I’ve seen the boy a few times when I pick my kids up from school, just a little thing, no taller than my waist. Why he stood out to me among the throng of other elementary-aged children I can’t say, though I suspect his demeanor helped.
No hollering from this boy. No running down the halls, no smile. Not even (as far as I could tell) friends. Just him, walking by his lonesome into the cafeteria every afternoon where parents waited to pick their kids up and spare them from a bus ride home.
The school is home to what is generally known as the poor children in town. There is evidence for this fact—dirty faces, oversized clothes, undersized clothes, and a plethora of emotional problems due to meager home lives. They are good kids in bad situations, unaware they were born with a strike or two against them.
Like the boy. He of the bushy, unkempt hair and the backpack with holes so big everything from pencils to notebooks comes tumbling out. A worn and faded sticker is slapped over one hole. The name JEFF is stenciled there. I wonder if it’s there as a patch or so Jeff can better keep track of his belongings. Or, perhaps, to help remind him of who he is.
Jeff snakes his way through the lunch tables toward his waiting mother. Her smile is not reflected in his face. He looks tired. All the kids do, mine included, but Jeff especially so. He does not hug his mother, simply stands there looking at her feet. She rises from her chair and guides him to the door with her hand. They are gone.
A week later and there is Jeff again, plodding into the cafeteria. I notice his hair hasn’t been combed since the last time I saw him. His eyes keep to the small amount of space just in front of his feet. His backpack is empty. I wonder if that’s because he has no homework or because of the holes. His mother is absent this time, replaced by an older woman I take to be his grandmother. Jeff does not hug her, though she hugs him. Then she guides him to the door with her hand. They are gone.
It was the same three days later except it was neither mother nor grandmother, but a man. His father, I wonder. But then I see the man does not guide Jeff to the door with his hand, he simply gets up and lets Jeff follow. I decide no, perhaps not his father. Perhaps someone else.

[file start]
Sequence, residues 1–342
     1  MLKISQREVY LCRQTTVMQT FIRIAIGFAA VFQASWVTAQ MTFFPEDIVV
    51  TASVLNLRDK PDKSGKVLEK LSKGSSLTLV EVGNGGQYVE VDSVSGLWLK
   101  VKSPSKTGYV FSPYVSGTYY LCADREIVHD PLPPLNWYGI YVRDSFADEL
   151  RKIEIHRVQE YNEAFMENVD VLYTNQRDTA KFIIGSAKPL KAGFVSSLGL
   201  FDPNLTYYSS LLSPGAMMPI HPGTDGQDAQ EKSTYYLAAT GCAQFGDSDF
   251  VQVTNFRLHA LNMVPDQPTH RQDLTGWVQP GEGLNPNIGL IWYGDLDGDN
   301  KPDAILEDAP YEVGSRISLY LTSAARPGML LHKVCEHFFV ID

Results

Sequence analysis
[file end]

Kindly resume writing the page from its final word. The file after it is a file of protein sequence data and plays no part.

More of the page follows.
That night, I ask my wife about Jeff. She teaches at the school, knows most everyone, but she can’t place him. I ask my kids. They, too, don’t know him.
I’m sitting in the cafeteria the next day, waiting along with thirty or so other parents for the final bell to ring. I notice Jeff’s mother sitting to my right, a few empty seats between us.
I lean over and say hello, which is returned with a smile that seems a bit forced. We spend the next few moments making small talk about the weather and my hat.
I say, “You’re Jeff’s mother, right?”
“Yes.” She looks as if she’s waiting for me to ask something else. I don’t. “He’s a middle child. Middle children have it harder sometimes, I think.”
“I’ve heard that,” I tell her. “So he has two other brothers or sisters?”
“No,” she says. “Well, yes. I suppose, in a way.”
I wonder how a mother could not know how many children she’s had.
“You see, his father and I are divorced. We had three children, including Jeff. His father remarried and has four step-children.”
“Oh. So there’s—”
“—Seven,” she says. “Yes. I talk to Jeff all the time about how great he has it. He stays with me unless I’m working nights. I do that some. He’ll stay with his grandma if I am. And then he goes to his father’s on the weekends. It’s nice. Jeff has three bedrooms. Can you imagine? I tell him he’s the luckiest boy in the world.”
The bell rings. Children everywhere, including mine. Including Jeff. He approaches with is holey backpack and his unkempt hair. I see the clear sunshine in the other children’s eyes and the dark rain in his.
He looks tired. All the kids do, mine included, but Jeff especially so. He does not hug his mother, simply stands there looking at her feet. She rises from her chair and guides the luckiest boy in the world to the door with her hand.
They are gone.